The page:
Ways to Improve Your FICO Score for Home Buying
You might think that the home buying process starts with getting pre-approved for a loan or with choosing a real estate agent. The quality of your wallet begins the home buying process. To realize your goal of owning a home, considering your credit score is a must along with the type of loan for which you'll qualify in Newburgh.
A FICO score is a collection of your years of credit history based on a model developed by Fair Isaac and Company. The score ranges from 300 to 850, with most people normally having a score of 600. In recent years, however, some borrowers have seen their score lowered because of job loss, charged off credit card accounts, or credit card accounts that were closed because they don't carry a balance. Some of the pieces in reviewing your FICO score are:
- Credit to Debt Ratio — How much do you owe versus your available credit?
- Credit Inquiries — How many times has your credit history been accessed by someone other than you?
- Types of Credit — Do you have a healthy mix of loans and credit cards?
- Payment History — How many late payments have you made?
Lenders want to ensure that allowing you a loan is a safe move. Your credit score gives lenders an insight into what type of borrower you'll be solely because of your credit history. You'll need a score of at least 740 to get a acceptable interest rate. You'll still get approved for a loan with a lower score, but the interest accrued in the long run could be more than double the amount of an individual with a better credit score.
Staying on top of your FICO score is the best way to ease into buying a home. Contact us and we can help you get on the right track to the home of your dreams.
You want a higher score, but how do you get it? Building your FICO score takes time. It can be hard to make a large-scale change in your FICO score with small changes, but your score can improve in a few years by monitoring your credit report and by using credit extended to you to raise your score, instead of ruin it. The best way to do this is to know your FICO score. You'll improve your credit score by using these pointers:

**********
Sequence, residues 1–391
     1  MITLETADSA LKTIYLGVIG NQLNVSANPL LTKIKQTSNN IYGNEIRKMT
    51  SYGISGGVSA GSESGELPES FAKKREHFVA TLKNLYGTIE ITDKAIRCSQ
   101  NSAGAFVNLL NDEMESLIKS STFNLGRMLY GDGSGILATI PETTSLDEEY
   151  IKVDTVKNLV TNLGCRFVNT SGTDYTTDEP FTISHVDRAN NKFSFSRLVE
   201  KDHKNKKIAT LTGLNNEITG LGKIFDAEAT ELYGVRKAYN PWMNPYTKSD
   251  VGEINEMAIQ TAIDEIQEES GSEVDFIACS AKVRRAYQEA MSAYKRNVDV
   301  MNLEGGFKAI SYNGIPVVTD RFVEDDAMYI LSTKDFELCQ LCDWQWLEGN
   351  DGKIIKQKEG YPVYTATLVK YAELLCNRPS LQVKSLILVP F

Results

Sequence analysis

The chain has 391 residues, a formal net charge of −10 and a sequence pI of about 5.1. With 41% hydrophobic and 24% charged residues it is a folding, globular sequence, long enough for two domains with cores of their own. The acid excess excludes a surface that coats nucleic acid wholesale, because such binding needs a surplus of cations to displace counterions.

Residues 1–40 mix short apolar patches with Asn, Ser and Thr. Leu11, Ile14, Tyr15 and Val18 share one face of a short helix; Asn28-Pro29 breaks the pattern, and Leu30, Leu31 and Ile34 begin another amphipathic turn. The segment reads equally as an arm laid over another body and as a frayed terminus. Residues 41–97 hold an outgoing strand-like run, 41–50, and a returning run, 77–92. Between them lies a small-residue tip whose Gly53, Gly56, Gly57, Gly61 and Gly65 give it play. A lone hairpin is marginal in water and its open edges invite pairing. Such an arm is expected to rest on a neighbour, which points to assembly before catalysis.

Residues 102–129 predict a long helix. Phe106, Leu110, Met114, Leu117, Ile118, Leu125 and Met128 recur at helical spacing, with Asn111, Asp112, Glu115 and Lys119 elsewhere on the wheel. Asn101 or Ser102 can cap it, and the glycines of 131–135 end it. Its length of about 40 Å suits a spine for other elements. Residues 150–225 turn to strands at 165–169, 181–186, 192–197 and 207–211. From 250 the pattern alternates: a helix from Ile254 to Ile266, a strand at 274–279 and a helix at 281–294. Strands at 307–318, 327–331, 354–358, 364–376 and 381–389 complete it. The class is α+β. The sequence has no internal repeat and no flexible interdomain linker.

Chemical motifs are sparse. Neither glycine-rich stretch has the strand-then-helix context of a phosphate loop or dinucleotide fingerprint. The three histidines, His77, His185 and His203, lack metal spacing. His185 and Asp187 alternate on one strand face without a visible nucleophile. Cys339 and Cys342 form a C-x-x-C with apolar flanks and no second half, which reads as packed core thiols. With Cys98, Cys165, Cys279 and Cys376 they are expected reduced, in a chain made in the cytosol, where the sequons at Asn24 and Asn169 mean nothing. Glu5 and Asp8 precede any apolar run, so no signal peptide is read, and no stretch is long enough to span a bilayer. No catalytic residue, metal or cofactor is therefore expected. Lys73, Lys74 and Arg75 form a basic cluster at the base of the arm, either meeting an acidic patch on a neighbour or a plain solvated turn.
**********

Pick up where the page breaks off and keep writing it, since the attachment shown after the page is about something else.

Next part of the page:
- Pay on time. How often you're late with payments greatly affects your credit score. It's where people who have recently experienced job loss see the biggest hit in their credit score. Yes, it takes longer to build up your credit this way, but it's the most reliable way to show that you're able to make payments to a bank.
- Correct your credit report. If you discover incorrect items on your credit report, write to the bureau requesting that the item be removed. If you have a common name or the same name as a family member, you'll want to pay extra attention to make sure the activity reported is correct.
- Spread your debt around. At first, this doesn't sound like a good idea. But, you want to avoid of having one card that is at the limit and have the rest of your cards at a zero balance. It's better to have each of your cards at about 20% of their credit limit than to have the bulk of your debt taking up the balance one card.
- Apply for service station cards or retail credit. For those who have non-existent credit or less-than-stellar credit, retail credit cards and gas credit cards are ways to obtain credit, increase your spending limits and have a solid payment history, which will raise your FICO score. You should always avoid maintaining a high balance for too long because these types of cards normally have a higher interest rate.
- Keep your cards in rotation. Whether you have older cards, or are just getting started with credit, use your cards to make sure your accounts maintain an active status. But, make sure you pay them off in one or two payments.
Knowing the methods you can use to improve your FICO score, you can move toward becoming a homeowner. Remember that when it's time to apply for a loan to purchase a house, you'll want to keep your applications within a two-week window to avoid a negative mark on your credit score. With the help of Countryman Real Estate Associates, the loan process can be a stress-free experience so you, too, can achieve home ownership.
Learn more about FICO scores at myFICO.com, Fair Isaac's informational site and once per year, for free, you can review all three of your credit reports at annualcreditreport.com. And, for a small payment, you can get your FICO score from each bureau on their websites: equifax.com, experian.com and transunion.com.